Monday, 26 October 2009

WWF to Screen Forest Carbon Investments

October 26, 2009

WWF’s Global Forest & Trade Network (GFTN) plans to launch investment screening guidelines for financial investors in the upcoming months to encourage support for responsible forest finance. WWF believes failure by the world’s financial leaders to support responsible forest finance will allow deforestation to continue. WWF is also calling for zero net deforestation by 2020.

The new guidelines will identify key environmental and social principles and criteria that need to be considered in all investment decisions pertaining to the forest sector, such as timber, pulp and paper, and other sectors whose activities impact forests, including palm oil cultivation and mining.

Though investors see a huge potential in a forest carbon market — as highlighted in WWF’s 2009 Forest Carbon Investor Survey – recent studies by the GFTN indicate that financiers are cautious about investing in forestry due to too much risk and volatility. Studies also show that investors think the forest sector lacks suitable collateral from small- to medium-sized businesses, says WWF.

WWF’s GFTN and the Finance Alliance for Sustainable Trade (FAST) asked global financial institutions to take a leading role in stopping climate change during the recent XIIIth World Forestry Congress, in Buenos Aires, Argentina.

During the conference, WWF called for an ambitious climate deal at COP 15, the United Nations climate change conference, to give clear guidance and incentives for the forestry sector to do its part in stopping climate change and adapting to predicted changes. WWF proposed a global target of zero net deforestation by 2020 “to avoid runaway climate change and stop the current catastrophic trend of species loss.”

WWF also wants negotiators to agree to strong financial and emissions reduction commitments to craft a climate deal that enables developing countries to stop forest loss.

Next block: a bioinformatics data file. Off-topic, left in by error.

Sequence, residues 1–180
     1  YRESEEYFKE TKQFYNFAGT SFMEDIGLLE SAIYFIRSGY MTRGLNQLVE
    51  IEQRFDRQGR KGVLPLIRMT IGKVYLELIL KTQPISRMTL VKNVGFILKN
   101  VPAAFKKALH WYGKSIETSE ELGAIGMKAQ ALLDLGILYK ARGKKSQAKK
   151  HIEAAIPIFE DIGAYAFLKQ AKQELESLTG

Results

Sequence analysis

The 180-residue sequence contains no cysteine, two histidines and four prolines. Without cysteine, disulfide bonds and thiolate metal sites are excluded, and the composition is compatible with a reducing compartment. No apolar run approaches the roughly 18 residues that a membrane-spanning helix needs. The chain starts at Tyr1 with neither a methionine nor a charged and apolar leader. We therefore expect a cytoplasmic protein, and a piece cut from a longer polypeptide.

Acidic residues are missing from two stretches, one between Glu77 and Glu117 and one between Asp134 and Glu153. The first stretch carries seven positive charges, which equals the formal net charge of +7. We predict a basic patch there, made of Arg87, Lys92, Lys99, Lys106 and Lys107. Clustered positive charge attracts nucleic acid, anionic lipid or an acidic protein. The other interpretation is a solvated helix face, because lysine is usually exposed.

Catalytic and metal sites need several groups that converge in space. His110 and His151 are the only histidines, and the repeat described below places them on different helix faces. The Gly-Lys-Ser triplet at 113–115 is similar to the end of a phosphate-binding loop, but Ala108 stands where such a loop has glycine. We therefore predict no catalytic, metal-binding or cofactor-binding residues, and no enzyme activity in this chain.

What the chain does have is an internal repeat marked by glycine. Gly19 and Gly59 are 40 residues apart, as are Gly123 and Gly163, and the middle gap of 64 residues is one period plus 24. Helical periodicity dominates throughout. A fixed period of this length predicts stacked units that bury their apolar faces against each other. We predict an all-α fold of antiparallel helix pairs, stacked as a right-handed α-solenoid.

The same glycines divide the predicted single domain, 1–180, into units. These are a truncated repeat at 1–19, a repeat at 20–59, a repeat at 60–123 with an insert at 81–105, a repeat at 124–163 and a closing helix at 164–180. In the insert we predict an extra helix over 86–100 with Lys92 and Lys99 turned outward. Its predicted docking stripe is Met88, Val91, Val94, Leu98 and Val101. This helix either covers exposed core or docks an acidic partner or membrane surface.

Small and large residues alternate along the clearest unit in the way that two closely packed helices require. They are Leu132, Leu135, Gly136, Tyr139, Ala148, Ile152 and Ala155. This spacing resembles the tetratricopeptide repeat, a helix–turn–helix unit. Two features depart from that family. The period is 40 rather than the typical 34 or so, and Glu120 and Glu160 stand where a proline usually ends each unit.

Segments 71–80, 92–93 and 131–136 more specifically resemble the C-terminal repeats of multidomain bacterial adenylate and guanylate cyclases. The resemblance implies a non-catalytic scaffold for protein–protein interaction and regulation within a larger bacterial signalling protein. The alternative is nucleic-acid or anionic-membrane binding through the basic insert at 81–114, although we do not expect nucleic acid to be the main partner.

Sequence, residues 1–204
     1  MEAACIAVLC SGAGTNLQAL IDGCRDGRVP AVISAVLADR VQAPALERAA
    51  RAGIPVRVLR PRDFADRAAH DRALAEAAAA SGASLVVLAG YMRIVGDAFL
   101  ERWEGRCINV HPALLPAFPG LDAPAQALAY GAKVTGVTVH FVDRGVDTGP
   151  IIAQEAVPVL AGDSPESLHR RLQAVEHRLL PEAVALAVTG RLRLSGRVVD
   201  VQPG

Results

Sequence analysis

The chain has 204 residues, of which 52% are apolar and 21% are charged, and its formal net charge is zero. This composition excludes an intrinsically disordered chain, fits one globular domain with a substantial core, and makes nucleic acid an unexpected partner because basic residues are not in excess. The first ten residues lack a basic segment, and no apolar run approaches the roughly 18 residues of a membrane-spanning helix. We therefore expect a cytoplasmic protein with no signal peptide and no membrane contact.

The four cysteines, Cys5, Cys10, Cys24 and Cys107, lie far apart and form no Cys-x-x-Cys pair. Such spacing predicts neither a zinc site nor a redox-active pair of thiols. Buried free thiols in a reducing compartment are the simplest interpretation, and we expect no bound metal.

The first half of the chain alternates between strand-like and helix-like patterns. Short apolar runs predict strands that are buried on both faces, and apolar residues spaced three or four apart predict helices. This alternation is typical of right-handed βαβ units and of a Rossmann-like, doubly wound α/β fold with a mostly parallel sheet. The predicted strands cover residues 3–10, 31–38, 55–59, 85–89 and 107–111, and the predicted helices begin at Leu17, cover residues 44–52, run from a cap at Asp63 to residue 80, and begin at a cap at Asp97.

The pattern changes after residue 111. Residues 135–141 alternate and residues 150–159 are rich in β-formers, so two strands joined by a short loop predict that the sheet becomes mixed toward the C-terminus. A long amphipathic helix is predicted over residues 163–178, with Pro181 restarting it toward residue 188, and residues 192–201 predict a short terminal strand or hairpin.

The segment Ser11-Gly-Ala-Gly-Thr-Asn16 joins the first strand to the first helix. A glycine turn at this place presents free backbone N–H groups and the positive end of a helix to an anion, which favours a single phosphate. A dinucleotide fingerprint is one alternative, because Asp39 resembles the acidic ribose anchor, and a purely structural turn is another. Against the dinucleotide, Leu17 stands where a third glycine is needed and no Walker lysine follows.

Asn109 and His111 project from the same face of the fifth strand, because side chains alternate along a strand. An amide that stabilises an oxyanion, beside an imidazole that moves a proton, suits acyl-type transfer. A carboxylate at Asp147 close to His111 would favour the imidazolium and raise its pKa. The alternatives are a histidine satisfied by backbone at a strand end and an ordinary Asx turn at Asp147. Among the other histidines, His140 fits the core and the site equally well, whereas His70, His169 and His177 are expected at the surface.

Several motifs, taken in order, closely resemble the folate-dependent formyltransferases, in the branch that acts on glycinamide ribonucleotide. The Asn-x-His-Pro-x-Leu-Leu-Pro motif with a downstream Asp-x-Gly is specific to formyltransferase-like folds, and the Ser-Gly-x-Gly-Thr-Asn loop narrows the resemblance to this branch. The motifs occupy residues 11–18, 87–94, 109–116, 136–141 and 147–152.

WWF said despite conservation efforts, global deforestation continues at an alarming rate — 13 million hectares per year, or 36 football fields a minute, and generates almost 20 percent of global greenhouse gas emissions. The environmental group says stopping forest loss is one of the most cost-effective ways to keep the world out of the danger zone of runaway climate change.

In the United Staes, the Wilderness Society, a national group that seeks to preserve wildlands, called on President Obama to set up a National Forest Trust, a series of federal reserves chosen on the basis of their carbon density, to store carbon that contributes to global warming, reports the Idaho Statesman.

Among the forests that could be protected include the 9 million acres of old growth in Oregon, Washington and California already protected by former President Bill Clinton under the Northwest Forest Plan, along with the forests of the Tongass National Forest in Alaska, said William Meadows, president of the Wilderness Society, in the article.

Opponents to the proposal, like Jim Riley, president of the Intermountain Forest Association, called Meadows’ proposal illogical because it would increase the risk of intense wildfires that spew carbon into the air, reports the Idaho Statesman.

Meadows told the Idaho Statesman that establishing a National Carbon Trust would demonstrate the U.S. commitment to fighting deforestation in the United States and help it persuade nations with tropical rain forests to protect them.